9:10 p.m. – 9:30 p.m.Nicholas Navin, MD Anderson Cancer Center Single Cell Sequencing Identifies Clonal Stasis and Punctuated Copy Number Evolution in Triple-Negative Breast Cancer Patients

Friday, February 27th:
11:00 a.m. – 11:20 a.m.* Stephen Kingsmore, Children’s Mercy Kansas City Newborn Sequencing in Genomic Medicine and Public Health: Rapid Genome Sequencing for Genetic Disease Diagnosis in Neonatal Intensive Care Units 
8:30 p.m. – 8:50 p.m.Lia Chappell, Wellcome Trust Sanger Institute Revealing Malaria Parasite Transcriptomes Using Directional, Amplification-Free RNA-seq
8:50 p.m. – 9:10 p.m.Roman Yelensky, Foundation Medicine A Novel Next Generation Sequencing (NGS)-Based Companion Diagnostic Predicts Response to the PARP Inhibitor Rucaparib in Ovarian Cancer

See you there.


Tuesday, 10 February 2015

What can you read if you're new to NGS?


A recent BioTechniues practical guide: Libraryconstruction for next-generation sequencing: Overviews and challenges, written by Steven Head et al from the The ScrippsResearch Institute NGS and Microarray Core Facility; might be just the thing to hand out to your NGS newbies as it covers pretty much every aspect of library they need to know!

www.biotechniques.com


The focus is very much on the options and challenges users face when making decisions about how to make NGS libraries. The article has sections on fragmentation; DNA library prep; RNA-seq library prep; complexity, bias and batch effects; target capture/amplification; mate-pair library prep; ChIP-seq library prep; RIP-seq/CLIP-seq and finally Methylation sequencing.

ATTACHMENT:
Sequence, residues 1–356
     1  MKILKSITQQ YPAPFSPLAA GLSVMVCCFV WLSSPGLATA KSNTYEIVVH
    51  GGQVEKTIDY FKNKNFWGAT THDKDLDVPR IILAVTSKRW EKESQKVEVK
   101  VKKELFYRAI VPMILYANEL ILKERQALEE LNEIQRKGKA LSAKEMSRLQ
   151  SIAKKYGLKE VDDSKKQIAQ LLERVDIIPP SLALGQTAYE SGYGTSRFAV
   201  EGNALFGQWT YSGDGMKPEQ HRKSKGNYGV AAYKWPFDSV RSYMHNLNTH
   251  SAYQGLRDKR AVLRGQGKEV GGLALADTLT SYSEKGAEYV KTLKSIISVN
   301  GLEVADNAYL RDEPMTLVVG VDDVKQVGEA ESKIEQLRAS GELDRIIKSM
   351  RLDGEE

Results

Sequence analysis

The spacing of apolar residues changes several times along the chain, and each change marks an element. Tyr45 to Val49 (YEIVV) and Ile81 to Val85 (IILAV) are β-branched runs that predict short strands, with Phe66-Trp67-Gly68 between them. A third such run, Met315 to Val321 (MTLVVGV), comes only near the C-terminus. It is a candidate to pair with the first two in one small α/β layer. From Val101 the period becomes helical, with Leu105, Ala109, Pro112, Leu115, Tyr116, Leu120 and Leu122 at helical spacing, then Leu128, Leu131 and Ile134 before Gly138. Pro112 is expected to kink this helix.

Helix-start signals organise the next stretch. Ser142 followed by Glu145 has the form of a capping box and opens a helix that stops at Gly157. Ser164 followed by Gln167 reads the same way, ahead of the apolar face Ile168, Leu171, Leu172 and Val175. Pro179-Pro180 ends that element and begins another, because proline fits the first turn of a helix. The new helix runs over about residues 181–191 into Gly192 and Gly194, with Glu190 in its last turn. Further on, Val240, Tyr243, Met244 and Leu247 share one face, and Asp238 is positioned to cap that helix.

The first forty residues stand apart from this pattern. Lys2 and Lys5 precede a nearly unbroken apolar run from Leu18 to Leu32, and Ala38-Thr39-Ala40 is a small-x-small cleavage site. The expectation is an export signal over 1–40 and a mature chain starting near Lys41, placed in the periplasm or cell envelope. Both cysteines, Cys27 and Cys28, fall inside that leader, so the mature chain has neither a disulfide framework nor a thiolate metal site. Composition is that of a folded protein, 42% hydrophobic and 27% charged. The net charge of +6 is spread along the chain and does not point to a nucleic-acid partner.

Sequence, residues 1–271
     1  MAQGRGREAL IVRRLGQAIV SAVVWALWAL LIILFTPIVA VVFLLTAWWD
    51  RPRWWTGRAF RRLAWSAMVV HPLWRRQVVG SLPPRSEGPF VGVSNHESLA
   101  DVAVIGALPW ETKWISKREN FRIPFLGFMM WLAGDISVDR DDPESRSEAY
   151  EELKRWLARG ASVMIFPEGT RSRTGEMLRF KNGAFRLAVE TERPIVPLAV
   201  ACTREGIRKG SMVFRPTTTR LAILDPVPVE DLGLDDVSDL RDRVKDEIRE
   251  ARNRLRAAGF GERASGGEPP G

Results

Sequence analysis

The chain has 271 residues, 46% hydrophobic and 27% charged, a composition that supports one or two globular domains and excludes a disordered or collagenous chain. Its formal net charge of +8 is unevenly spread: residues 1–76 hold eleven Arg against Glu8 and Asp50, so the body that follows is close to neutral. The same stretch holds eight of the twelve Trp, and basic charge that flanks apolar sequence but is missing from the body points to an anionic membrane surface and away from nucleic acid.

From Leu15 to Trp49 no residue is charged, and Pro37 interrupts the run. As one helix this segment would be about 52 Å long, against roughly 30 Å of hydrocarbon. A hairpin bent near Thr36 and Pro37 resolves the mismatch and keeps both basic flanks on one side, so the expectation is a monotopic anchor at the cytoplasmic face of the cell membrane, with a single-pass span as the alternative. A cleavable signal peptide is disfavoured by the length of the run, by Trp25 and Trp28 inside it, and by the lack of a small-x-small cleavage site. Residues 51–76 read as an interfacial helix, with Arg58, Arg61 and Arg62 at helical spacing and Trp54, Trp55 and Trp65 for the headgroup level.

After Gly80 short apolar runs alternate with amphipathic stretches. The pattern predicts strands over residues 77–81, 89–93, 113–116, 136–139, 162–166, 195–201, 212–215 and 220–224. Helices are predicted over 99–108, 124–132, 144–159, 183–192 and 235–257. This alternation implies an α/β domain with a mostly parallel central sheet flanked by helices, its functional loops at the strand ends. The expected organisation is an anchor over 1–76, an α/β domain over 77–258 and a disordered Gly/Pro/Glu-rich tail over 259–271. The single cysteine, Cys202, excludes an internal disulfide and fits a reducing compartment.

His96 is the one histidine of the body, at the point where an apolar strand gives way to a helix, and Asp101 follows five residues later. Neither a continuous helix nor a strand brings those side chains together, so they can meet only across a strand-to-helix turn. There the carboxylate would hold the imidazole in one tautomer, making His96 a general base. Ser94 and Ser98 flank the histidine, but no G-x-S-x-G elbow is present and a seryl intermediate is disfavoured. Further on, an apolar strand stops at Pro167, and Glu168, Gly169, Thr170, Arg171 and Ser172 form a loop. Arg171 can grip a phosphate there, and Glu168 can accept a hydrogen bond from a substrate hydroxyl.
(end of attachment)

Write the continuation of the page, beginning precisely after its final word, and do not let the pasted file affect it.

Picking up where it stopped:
DNA fragmentation: This section covers all the major options, physical or enzymatic and discusses the importance of making sure the insert size is correct for your application. An interesting comment was that the lab has successfully clustered and sequenced libraries with 1500bp inserts!

Complexity, bias, and batch effects: The section discusses the importance of understanding the biases in the methods being used and of good experimental design. The use of duplicate reads to measure library complexity covers the important points of read-depth and sampling error. And the authors present the basic methods as applied to genomes where nucleic acids are present in roughly equimolar ratios; and discuss the caveats of applying the same methods to RNA-seq or ChIP-seq, where they most certainly are not. There is only a brief mention of molecular indexing and the potential impact this has on NGS analysis. The first take home message is to minimise batch effects and PCR – but there is no discussion about the quantification of your final libraries being a good place to make decisions on reducing PCR cycles. The second is that user should “keep in mind the general principle that more starting material means less amplification and thus [usually] better library complexity”, just because a kit can work with 50ng or RNA does not mean you should use 50ng when you can easily get 500ng!

Target capture/amplification: This section covers the major methods for in-solution target capture. But it is a bit light on amplicon sequencing methods, there are many companies out there selling amplicon kits and I’d suggest people look at the Fluidigm Access Array and Wafergen SmartChip for amplicons on Illumina, or even combine Ampliseq with Nextera XT.

Single-cells: The review only briefly mentions single cells and the Fluidigm C1 system. I suspect we will not have long to wait before we start to see similar papers focused on single-cell NGS.